‘We are beyond thrilled’

Historic Farnsworth Avenue bridge to be repaired

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After several years of “speculation and worry,” the oldest stone masonry arch Farnsworth Avenue bridge will be repaired.

New Jersey Department of Transportation (DOT) Acting Commissioner Francis O’Connor recently joined Bordentown City officials and state Sen. Troy Singleton to tour the historic Farnsworth Avenue bridge. O’Connor officially announced that “the bridge will be repaired, rather than torn down and replaced.”

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“We are beyond thrilled … ,” Bordentown City officials said on their social media website.

In 2019, NJDOT had proposed plans to replace the bridge calling it “deficient.” In the proposal, Farnsworth Avenue would be closed for a two-year period. The Veterans Memorial was going to be removed and stored during bridge construction and then reassembled once the construction was complete.

“In a tremendous victory for the entire Bordentown community, the commissioner also announced that Farnsworth Avenue will remain open while the work is conducted, mitigating the potential impact on the Veterans Memorial and the downtown business district,” officials said.

Courtesy of Bordentown City

As the oldest stone masonry arch bridge spanning a railway in the entire country, the historical and geological implications of replacing the bridge would have been significant. Farnsworth Avenue was expected to be closed to traffic for upwards of two years if the bridge were to be replaced, and the physical and economic impact on the surrounding community could have been potentially devastating, officials said.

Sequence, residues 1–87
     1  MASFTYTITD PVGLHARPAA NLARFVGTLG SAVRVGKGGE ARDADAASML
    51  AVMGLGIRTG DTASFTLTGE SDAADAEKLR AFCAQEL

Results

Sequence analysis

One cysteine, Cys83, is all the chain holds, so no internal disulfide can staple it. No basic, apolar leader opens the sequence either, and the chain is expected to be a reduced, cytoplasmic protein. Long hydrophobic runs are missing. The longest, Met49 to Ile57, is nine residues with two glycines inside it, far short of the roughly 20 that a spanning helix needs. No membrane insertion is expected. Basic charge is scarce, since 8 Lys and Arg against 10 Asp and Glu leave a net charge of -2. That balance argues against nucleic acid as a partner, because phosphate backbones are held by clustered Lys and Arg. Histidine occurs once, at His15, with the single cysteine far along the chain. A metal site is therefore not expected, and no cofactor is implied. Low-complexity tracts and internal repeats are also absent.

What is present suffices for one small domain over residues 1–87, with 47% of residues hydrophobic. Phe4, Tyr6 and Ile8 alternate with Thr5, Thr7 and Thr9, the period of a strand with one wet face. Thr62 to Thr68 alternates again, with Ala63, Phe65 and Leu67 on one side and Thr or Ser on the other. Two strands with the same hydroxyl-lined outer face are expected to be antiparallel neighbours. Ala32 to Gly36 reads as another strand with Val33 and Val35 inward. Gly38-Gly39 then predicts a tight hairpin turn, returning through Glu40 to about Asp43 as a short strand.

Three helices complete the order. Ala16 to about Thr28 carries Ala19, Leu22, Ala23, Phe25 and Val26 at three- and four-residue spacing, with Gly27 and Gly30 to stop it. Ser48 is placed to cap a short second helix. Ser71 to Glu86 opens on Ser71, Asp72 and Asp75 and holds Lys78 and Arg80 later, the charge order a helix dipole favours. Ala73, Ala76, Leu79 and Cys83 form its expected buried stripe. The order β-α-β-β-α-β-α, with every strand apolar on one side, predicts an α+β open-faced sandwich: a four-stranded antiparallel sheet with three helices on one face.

Together, city officials, Sen. Singleton’s office, and a number of city organizations rallied. They met and communicated with DOT officials numerous times, passed a governing body resolution, and signed petitions to advocate for repairing, rather than replacing the bridge.

“On behalf of the governing body, we cannot thank New Jersey DOT and Commissioner O’Connor enough for their willingness to listen to our concerns and work with us to craft a win-win situation for everyone,” Mayor Jennifer Sciortino said. “We also owe Sen. Singleton and his staff a debt of gratitude for quickly jumping into action and advocating for Bordentown City every step of the way, which ultimately helped us forge this compromise.

“This solution will protect public safety without creating any major disruptions that could have harmed our small, local businesses, the Veterans Memorial, or any number of historical features in our downtown, including the bridge itself.

“A special thanks also goes out to the members of the Veterans Memorial Committee, the DBA (Downtown Bordentown Association), and the [Bordentown] Historical Society who played a pivotal role by lending their time and expertise to advocate for repairing this historic bridge,” Sciortino said. “This was truly a team effort over the last few years with the community at large coming together and rallying to preserve our historic charm.”

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